4.4. Effect of Activation Time
The activation time has a significant effect on the porous network development in the activated carbon. Therefore, in order to obtain activated carbon having desired properties, precursor must be treated at a suitable carbonization time. Fig.s (12-17) represent adsorption data for phenol and parachlorophenol on various activated carbon samples under different activation time, 1, 2, & 3 hour. It is clear that the removal of phenol and parachlorophenol is increased with the increase of activation time. The highest removal for phenol (84.38%) and parachlorophenol (94.06%) obtained for RH13 which is activated under 700ᵒC, 3:1 IR, and 3 hours activation time. This is because increasing activation time will give more chance for hot flowing gases to do its work in increasing the pores and surface area (Hameed et al., 2009). i.e. higher time will increase the amount of volatile matter during carbonization process and higher removal giving more pores and higher surface area. Also at high activation times, the change (quality and quantity) in functional groups may subsequently affect the adsorption of phenol and parachlorophenol. Generally at high activation times the increase in the aromatic content of AC functional groups has been well recorded (Baçaoui, Yaacoubi et al. 2001; Wang, S. et al. 2005). These results agree with the result published by (Chatterjee and Kumar, 2012; Yang and Lua, 2003).
4.5. Effect of Impregnation Ratio,IR, of ZnCl2/Rice Husk
Figures (18-23) represent adsorption data for phenol and parachlorophenol on various activated carbon samples under different Impregnation ratio (IR) 1:1, 2:1, and 3:1. The highest removal for phenol (84.38%) and parachlorophenol (94.06%) obtained for RH13 which is activated under 700ᵒC, 3:1 IR, and 3 hours activation time. It is clear that the removal of phenol and parachlorophenol is increased with the increase of IR. This is because rice husk which is treated with ZnCl2 led to a removal of the cellulosic component of the adsorbent. It is well known that activation with zinc chloride prevents the accumulation of tar on the carbon surface and provides further decompositions and thus, develops the microporosity when using cellulosic and lignocellulosic precursors in the manufacture of activated carbon. More activator perhaps leads to excessive dehydration and destruction of mesopores turning them into larger pores which reduces the adsorption efficiency (Kim et al., 2001). Similar results are reported by (Al- Roubaiaay2011 and Kalderis.2008).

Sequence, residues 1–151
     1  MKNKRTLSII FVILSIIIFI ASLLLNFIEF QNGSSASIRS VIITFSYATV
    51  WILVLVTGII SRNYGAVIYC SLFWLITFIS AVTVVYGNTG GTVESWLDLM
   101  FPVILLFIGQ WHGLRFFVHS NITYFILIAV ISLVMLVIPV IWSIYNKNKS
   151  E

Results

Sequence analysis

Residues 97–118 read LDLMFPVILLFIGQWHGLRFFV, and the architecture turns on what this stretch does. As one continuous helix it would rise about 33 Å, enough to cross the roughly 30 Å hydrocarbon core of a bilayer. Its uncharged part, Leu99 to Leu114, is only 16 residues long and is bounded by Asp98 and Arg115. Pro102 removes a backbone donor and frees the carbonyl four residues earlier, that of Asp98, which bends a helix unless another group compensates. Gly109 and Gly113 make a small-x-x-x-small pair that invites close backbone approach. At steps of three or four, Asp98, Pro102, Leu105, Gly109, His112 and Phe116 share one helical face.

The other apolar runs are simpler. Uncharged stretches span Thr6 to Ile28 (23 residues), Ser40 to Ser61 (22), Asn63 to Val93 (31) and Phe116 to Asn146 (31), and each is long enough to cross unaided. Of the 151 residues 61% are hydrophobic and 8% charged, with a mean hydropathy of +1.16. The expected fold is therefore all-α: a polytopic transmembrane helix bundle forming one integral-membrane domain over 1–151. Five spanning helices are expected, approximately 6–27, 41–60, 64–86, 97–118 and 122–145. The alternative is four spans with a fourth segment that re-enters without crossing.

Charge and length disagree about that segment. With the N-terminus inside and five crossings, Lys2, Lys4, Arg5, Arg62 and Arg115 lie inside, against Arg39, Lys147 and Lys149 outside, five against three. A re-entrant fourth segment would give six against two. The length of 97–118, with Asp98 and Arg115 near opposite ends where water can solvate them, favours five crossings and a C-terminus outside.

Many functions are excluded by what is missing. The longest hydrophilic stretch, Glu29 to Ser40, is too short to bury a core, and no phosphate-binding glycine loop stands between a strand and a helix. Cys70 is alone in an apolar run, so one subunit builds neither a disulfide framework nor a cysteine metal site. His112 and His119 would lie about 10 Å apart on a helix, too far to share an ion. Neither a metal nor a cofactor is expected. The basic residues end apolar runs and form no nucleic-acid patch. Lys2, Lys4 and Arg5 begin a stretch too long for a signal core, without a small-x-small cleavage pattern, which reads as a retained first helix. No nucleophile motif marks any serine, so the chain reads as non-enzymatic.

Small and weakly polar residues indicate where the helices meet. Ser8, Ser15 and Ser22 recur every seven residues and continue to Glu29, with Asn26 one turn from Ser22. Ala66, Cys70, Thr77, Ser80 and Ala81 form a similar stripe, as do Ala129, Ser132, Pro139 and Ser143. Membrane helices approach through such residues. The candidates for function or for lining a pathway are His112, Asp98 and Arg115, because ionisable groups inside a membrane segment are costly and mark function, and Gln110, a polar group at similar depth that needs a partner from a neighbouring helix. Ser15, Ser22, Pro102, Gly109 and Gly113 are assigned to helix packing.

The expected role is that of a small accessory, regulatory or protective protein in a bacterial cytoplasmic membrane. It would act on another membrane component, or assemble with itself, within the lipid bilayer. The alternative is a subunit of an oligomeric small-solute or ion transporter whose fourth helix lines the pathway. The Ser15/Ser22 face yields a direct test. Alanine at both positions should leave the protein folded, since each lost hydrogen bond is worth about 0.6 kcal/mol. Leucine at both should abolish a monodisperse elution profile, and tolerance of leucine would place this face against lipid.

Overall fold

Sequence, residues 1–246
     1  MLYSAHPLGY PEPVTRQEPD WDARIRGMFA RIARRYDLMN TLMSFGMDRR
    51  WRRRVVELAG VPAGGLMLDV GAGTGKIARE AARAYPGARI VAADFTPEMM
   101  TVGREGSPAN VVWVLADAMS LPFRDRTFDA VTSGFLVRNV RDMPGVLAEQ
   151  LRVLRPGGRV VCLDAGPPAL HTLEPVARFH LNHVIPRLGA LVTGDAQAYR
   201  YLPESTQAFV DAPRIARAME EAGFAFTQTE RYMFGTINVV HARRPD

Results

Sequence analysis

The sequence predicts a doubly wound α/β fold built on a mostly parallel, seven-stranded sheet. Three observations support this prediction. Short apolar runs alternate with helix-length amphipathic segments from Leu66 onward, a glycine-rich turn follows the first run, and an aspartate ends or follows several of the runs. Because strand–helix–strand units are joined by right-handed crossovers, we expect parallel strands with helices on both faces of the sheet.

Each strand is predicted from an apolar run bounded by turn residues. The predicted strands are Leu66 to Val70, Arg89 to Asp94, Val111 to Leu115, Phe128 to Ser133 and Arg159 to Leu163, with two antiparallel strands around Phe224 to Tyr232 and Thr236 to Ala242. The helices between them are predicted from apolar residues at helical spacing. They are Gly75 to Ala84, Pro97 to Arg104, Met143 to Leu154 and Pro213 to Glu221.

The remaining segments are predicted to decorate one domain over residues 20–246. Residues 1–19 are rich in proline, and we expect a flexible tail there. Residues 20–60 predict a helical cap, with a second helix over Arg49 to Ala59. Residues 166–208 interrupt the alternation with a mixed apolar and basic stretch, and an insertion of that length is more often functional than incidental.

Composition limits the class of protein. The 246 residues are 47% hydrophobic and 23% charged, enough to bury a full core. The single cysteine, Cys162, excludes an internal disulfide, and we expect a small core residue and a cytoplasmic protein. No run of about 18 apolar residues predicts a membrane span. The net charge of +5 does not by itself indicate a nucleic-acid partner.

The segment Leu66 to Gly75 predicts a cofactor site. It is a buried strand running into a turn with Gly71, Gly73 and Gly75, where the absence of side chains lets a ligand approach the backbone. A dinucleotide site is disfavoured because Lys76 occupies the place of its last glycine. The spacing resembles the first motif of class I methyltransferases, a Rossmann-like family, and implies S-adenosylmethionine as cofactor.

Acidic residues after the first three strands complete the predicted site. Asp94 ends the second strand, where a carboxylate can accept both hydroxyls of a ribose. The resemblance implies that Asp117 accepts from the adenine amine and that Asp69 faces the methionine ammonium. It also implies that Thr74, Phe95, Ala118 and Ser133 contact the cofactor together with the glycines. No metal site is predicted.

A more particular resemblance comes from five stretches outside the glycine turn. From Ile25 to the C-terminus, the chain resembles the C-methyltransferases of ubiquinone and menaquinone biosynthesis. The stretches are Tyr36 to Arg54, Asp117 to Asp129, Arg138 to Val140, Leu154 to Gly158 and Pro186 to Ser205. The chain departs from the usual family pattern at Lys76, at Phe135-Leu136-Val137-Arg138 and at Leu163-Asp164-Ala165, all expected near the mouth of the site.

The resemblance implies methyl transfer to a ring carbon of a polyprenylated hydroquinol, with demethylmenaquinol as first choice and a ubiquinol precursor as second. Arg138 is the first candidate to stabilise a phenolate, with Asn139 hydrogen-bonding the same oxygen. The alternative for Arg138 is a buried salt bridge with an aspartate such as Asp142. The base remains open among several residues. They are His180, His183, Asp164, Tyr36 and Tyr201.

4.6. Applicability of Adsorption Isotherms
Adsorption data are analyzed using four different models: Freundlich, Langmuir, Temkin, and BET. The ranges of the coefficients of determinations (R2) for these models are listed in Table (2). From this table, it seems that Temkin model gives the highest range of R2 for phenol and parachlorophenol. This means that this model fairly fits experimental data. Langmuir and Freundlich models have close values of R2 ranges which are lower than that of Temkin model while BET model gives the lowest R2 ranges.
The high fitness of the Langmuir model for the adsorption process of activated rice husk indicates the monolayer concealment of phenol and parachlorophenol on the outer surface of activated rice husk, in which the adsorption occurs uniformly on the active part of the surface (Abdel Wahab et al., 2005). The adsorption capacity for Phenol and Parachlorophenol using Langmuir model are 39 and 44.64 mg/g respectively. The corresponding values for Temkin model are 38.82 and 44.94 mg/g.
|Model||R2 range for:|
Chemical activation method is found to be superior than physical activation method for all raw materials used (RH, PF and DS) and the best raw material is found to be RH which gives maximum removal of 84.38% and 94.06% for phenol and parachlorophenol respectively under activation temperature of 700°C, activation time 3 hours, and impregnation ratio 3:1.
The removal of Phenol and Parachlorophenol is increased with the increase of activation temperature, activation time, and impregnation ratio and the experimental data is found to agree Temkin model better than other adsorption models. Maximum adsorption capacity for RH calculated by Langmuir model is 39 and 44. 64 mg/g for Phenol and Parachlorophenol respectively.
Ct Concentration of solute in solution at any time, (mg/l)
C0 Initial concentration of adsorbate (mg/l)
Ce Concentration of solute in solution at equilibrium,(mg/l)
qe Adsorption capacity, (mg/g)
R2 Correlation coefficient
t Time, (minute)
V Volume of solution, (L)
W Weight of adsorbent, (gm)